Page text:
We sanitized all areas where skin to surface contact could take place outdoors such as the handle of a grocery cart, steering wheel, seats and dogs’ leash. I considered any district with greater than 5 cases a potential outbreak zone. I used sanitizer wipes and a small mixture of bleach and water in a spray bottle for other surfaces.
I watched on the news as healthcare professionals were falling ill, dying and was alarmed when it appeared that mucous membranes were a possible route of exposure. I made the use of sunglasses, or goggles when going anywhere we could be exposed, an important part of the routine.
From the beginning I used easily-washable protective clothing. In my case, Gore-Tex, and rubber boots could be washed more easily than my shoes for long trips to the store. We used a 70% alcohol solution in spray bottles to decontaminate shoes and clothes.
Latex gloves were worn to every major outing and area where contamination could take place.
Grocery store trips were strictly limited to the 1 week/1 trip/1 person Only one person was allowed to go out and purchase supplies, and this was reduced to a maximum of once per week to reduce unnecessary exposure.
We practiced social distancing at 2 meters (6.5 feet).
Starting in February, we began the process of transferring work online. The government mandate protected livelihoods, ensuring that the minimum wage would continue to be paid to all workers. This was a very wise policy.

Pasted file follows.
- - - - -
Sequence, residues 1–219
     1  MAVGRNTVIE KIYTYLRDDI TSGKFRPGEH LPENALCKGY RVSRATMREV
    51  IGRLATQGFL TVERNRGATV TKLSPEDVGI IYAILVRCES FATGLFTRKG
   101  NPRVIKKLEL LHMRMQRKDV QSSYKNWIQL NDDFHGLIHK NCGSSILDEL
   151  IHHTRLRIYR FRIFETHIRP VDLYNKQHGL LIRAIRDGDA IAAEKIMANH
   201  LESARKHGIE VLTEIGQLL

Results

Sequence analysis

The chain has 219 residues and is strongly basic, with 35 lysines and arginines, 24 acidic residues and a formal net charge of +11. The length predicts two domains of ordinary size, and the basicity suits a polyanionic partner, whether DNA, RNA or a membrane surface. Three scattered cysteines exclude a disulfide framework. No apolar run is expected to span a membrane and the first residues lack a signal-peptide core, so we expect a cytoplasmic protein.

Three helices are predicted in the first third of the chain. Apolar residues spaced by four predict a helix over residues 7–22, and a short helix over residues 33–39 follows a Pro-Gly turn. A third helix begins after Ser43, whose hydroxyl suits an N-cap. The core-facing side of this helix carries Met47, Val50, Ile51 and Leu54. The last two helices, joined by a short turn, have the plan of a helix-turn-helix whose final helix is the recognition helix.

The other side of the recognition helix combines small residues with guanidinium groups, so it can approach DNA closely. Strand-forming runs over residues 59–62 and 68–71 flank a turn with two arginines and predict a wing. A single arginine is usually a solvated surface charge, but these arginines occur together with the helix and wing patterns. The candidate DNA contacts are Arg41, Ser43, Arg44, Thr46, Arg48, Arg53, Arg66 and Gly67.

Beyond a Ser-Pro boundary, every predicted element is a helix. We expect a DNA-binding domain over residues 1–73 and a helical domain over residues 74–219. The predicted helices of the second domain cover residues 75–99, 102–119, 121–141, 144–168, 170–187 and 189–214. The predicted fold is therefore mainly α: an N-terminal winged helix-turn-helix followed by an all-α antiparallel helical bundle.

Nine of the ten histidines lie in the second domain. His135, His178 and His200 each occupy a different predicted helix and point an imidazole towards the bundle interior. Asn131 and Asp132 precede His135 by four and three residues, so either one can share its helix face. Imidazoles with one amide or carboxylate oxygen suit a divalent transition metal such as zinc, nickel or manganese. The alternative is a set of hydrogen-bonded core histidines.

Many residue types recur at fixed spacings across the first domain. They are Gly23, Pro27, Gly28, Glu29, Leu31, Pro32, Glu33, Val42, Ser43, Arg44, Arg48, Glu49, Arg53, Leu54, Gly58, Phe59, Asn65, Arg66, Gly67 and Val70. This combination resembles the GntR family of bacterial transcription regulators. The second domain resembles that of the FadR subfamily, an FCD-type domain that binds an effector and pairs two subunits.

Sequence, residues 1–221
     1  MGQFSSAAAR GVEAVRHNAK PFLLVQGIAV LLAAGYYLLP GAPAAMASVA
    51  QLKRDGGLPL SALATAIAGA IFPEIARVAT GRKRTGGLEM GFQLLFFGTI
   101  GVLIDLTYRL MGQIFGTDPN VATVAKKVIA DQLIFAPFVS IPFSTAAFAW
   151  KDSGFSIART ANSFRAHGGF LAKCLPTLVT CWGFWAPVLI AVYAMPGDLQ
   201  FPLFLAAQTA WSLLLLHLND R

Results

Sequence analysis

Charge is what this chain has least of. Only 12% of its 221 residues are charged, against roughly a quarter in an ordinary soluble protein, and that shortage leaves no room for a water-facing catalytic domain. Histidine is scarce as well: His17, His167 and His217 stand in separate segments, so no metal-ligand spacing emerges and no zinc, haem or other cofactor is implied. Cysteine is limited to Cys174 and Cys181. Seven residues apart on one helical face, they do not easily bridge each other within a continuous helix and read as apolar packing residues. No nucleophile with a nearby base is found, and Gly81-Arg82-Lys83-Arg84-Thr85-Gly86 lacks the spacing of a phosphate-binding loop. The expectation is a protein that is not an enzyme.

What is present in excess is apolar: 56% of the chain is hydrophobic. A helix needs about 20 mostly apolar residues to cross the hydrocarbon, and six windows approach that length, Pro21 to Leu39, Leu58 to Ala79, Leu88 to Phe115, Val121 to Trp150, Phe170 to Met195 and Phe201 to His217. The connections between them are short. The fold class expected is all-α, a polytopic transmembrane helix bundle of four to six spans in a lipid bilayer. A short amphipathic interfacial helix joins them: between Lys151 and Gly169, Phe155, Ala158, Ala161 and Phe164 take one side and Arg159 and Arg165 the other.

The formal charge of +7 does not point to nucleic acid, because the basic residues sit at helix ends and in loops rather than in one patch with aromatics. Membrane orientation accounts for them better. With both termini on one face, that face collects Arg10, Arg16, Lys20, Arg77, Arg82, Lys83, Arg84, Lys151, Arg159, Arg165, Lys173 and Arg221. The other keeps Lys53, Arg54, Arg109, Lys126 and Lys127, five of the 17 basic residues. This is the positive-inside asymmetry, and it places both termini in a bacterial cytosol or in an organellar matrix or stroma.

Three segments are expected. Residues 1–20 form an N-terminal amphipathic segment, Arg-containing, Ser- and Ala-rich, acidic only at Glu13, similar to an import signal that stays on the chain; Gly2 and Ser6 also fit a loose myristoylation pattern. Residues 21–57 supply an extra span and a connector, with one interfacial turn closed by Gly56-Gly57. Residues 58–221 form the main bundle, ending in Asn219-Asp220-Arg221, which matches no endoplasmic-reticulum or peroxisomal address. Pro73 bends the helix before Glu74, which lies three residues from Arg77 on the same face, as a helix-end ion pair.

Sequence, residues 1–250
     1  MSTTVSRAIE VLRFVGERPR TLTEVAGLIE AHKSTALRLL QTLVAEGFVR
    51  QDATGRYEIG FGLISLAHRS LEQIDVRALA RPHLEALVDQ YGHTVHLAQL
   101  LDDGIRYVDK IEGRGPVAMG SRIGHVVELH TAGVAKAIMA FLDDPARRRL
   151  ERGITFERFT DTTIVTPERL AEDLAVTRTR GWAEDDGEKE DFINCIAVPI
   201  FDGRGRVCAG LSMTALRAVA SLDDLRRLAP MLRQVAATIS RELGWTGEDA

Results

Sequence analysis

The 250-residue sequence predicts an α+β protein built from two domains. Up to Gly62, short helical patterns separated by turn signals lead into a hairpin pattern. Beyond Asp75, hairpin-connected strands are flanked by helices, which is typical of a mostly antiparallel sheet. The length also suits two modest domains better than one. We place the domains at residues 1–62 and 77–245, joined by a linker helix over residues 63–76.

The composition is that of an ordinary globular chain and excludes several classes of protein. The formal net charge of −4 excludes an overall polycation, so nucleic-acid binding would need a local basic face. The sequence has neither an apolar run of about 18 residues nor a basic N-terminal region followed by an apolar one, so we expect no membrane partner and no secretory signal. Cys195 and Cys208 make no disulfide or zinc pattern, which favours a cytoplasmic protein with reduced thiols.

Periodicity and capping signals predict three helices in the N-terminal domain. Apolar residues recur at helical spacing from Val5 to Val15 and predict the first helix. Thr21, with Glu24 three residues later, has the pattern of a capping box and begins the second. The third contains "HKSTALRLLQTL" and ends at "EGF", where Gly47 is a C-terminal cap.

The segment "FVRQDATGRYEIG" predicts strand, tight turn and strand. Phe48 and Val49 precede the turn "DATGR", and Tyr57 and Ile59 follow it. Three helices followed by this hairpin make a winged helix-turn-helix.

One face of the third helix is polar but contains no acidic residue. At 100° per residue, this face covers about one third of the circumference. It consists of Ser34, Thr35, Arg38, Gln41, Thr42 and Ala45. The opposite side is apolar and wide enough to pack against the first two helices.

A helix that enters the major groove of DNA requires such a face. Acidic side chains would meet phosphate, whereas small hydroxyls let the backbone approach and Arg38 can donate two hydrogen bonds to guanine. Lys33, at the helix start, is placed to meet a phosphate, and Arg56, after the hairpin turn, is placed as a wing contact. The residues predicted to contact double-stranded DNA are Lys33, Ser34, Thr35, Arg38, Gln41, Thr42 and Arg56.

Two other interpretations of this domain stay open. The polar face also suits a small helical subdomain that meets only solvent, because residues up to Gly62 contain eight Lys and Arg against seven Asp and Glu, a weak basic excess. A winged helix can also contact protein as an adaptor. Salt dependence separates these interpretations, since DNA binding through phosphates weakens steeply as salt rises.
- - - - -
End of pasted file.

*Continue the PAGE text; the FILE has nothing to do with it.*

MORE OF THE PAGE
I packed an emergency kit and first aid with flashlights, candles water purification tabs, iodine, batteries, and a cart to haul our drinking water deliveries over campus as it was shutting down all access.
Together, my wife and I instituted regular floor disinfection with a suitable cleaner, and we began to follow the cleaning routines that Dr. Hermann Biggs used in the great typhus epidemic of New York City.
During February, we made it a policy to limit outdoor exposure in the epidemic zone, or districts with the largest officially recognized caseload. In Qingdao this was made easy thanks to government actions. We began rationing trips to the store and made the 1 week, 1 week/1 trip/1 person rule a part of the weekly routine while helping our neighbors.
Cleaning shoes is particularly important, so on every trip outside we would take time to put shoes outside or decontaminate them when they entered the apartment.
Engagement in disinfection activities based on the principles above proved effective in boosting morale and helping us endure the stress of isolation. While we all had meltdowns from time to time, we did our very best to cope by staying focused on the mission of serving our family and community by extending a hand to help any neighbors who needed it. I made it a rule that anyone who asked for support would get it, and early in the outbreak we helped several people in our WeChat (social media) circle navigate the crisis. We also kept in touch and would ask others if they were safe to help reassure them that they were not alone, even if we felt like it at times.
As China was implementing its emergency procedures, we were implementing ours to complement their effort, protect ourselves and our neighbors. Hopefully with planning and interventions in place, it will be over soon. Time has never been on our side, so it is essential to seriously prepare, be thankful for whatever time we do have, and take comfort in the fact that, through it all, we have each other.